Something Bugging You? Dealing with Insect Infestations
It’s happened. They’re flying! They’re crawling! They’re holding hands in your best Two Grey Hills rug. This is one time in life where a little panic and fast action is OK. Ruthlessly search for the source of the problem. You may decide to discard infested items, but if you’re not going that route, follow the steps below to eliminate the pests and go on with your life.
- Vacuum the item with using an attachment without a brush. This will remove surface larvae and eggs. Discard the vacuum cleaner bag or empty the vacuum and remove the contents from your home. Do this each time you vacuum during this process.
- Wrap the item in plastic or put it in a plastic bag and put it into a freezer for two weeks. What you’re doing is stopping the carnage by killing any larvae that you missed with the vacuum.
- On a nice sunny day, remove the item from the freezer and put it outside in the sunlight for two to three hours on each side. What you’re doing is using the ultraviolet rays in the sunlight to kill the eggs that might be present. Vacuum once again with an attachment that does not have a brush.
- Put the item on a regular maintenance schedule and watch for any signs of continuing problems.
Flaunt it! Displaying Your Navajo Textiles
Using a Navajo textile on the floor is pretty simple. Use an appropriate pad and enjoy. There are some rugs that aren’t woven as floor coverings, but that’s pretty obvious. Most questions that I get about display involve how to hang a rug. The answer basically is one word: Velcro.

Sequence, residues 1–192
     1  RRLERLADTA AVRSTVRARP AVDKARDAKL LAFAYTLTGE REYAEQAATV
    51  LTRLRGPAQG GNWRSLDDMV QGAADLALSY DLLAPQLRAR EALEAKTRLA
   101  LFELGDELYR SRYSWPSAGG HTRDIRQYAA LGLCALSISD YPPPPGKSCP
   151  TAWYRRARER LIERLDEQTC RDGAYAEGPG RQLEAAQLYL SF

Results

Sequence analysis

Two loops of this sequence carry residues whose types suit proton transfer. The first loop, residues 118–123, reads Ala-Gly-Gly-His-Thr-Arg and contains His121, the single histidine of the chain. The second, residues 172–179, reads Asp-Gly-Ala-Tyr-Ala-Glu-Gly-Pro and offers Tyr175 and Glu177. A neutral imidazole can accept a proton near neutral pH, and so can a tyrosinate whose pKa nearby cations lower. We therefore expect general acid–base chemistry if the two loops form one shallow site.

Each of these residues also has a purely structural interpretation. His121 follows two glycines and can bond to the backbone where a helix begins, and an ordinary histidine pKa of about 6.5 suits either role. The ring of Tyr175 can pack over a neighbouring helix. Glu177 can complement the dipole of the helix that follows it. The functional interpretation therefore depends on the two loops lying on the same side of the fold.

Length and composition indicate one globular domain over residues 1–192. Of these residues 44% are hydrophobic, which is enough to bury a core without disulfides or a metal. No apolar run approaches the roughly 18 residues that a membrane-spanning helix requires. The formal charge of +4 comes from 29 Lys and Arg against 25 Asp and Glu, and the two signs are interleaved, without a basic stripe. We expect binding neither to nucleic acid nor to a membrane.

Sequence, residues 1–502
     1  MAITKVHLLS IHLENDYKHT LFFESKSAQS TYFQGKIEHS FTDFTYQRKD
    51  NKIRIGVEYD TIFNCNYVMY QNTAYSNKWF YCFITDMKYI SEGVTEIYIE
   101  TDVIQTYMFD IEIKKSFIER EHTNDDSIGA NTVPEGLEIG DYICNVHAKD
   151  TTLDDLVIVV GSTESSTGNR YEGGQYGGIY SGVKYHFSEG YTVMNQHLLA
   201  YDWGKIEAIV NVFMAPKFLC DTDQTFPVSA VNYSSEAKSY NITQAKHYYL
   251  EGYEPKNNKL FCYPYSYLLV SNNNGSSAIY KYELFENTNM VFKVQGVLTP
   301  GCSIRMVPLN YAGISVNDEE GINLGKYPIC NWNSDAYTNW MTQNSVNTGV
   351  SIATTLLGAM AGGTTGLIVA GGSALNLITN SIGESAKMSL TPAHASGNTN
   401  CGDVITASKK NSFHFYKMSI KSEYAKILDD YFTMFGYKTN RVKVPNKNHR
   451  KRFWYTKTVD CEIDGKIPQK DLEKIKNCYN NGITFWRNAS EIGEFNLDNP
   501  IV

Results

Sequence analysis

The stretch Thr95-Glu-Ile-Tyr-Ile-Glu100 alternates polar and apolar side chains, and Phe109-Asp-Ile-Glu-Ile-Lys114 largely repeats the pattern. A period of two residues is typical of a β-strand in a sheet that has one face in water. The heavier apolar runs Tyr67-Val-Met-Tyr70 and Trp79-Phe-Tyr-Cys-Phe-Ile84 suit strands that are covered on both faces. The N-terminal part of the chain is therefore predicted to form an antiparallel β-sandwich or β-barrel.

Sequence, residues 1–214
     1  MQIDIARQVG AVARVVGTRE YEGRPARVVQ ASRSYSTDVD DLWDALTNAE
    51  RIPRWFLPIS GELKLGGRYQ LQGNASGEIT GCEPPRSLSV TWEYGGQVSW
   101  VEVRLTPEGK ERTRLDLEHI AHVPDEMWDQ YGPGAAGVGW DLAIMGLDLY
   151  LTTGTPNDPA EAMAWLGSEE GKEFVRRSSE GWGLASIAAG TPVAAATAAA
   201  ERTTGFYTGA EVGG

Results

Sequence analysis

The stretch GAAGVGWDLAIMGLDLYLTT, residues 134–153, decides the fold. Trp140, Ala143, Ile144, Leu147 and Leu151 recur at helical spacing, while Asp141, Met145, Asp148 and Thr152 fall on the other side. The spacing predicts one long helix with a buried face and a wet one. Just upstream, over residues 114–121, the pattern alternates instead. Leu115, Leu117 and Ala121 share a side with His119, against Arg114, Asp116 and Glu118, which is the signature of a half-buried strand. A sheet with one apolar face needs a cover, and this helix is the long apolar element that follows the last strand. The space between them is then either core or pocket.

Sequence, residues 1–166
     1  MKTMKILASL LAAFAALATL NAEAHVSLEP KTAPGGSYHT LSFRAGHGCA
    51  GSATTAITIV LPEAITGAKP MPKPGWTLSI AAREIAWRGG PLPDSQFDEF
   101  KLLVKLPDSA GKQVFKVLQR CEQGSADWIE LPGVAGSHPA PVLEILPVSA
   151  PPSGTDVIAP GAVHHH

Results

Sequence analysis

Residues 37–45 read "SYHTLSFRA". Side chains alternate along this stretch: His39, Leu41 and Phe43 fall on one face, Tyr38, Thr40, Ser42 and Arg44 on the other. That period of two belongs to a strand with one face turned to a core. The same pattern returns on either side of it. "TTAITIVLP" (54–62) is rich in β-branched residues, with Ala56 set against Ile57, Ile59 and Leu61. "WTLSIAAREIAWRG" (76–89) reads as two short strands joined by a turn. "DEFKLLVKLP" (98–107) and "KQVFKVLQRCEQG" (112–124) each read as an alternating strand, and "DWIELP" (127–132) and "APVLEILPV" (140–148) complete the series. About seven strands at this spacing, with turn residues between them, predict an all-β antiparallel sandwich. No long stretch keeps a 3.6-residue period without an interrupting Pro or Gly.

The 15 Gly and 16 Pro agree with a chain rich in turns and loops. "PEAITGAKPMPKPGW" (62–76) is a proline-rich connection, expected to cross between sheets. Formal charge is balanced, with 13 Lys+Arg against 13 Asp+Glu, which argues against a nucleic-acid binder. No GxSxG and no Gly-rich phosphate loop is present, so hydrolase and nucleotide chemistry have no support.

New rugs will adhere right to the hook side of Velcro. You don’t even need the loop side. I use a piece of particle board or plexiglass that is cut just a little smaller than the rug that I’m hanging. If you are concerned about acid leaching out of the particle board, cover it with washed muslin. I use self-adhesive Velcro strips on all four sides of the mounting and two or three down the center. This supports the rug without much or any strain on the warp. People sometimes ask if this damages the wool when the rug is removed for cleaning and rotation and the answer is that I haven’t observed any problems. Of course I’m careful when I take the rugs down; I’m not ripping them off the wall and I’m not doing it ten times a day. I’ve also seen rugs hung with one strip of Velcro at the top, but I this leaves them loose on three sides where they can get caught by passing jewelry, clothing, people and pets. They are also more vulnerable to humidity which can be an issue if the rug is prone to curling. I also think that it’s harder on the warp threads over time. Just because you can’t see them doesn’t mean they don’t need support.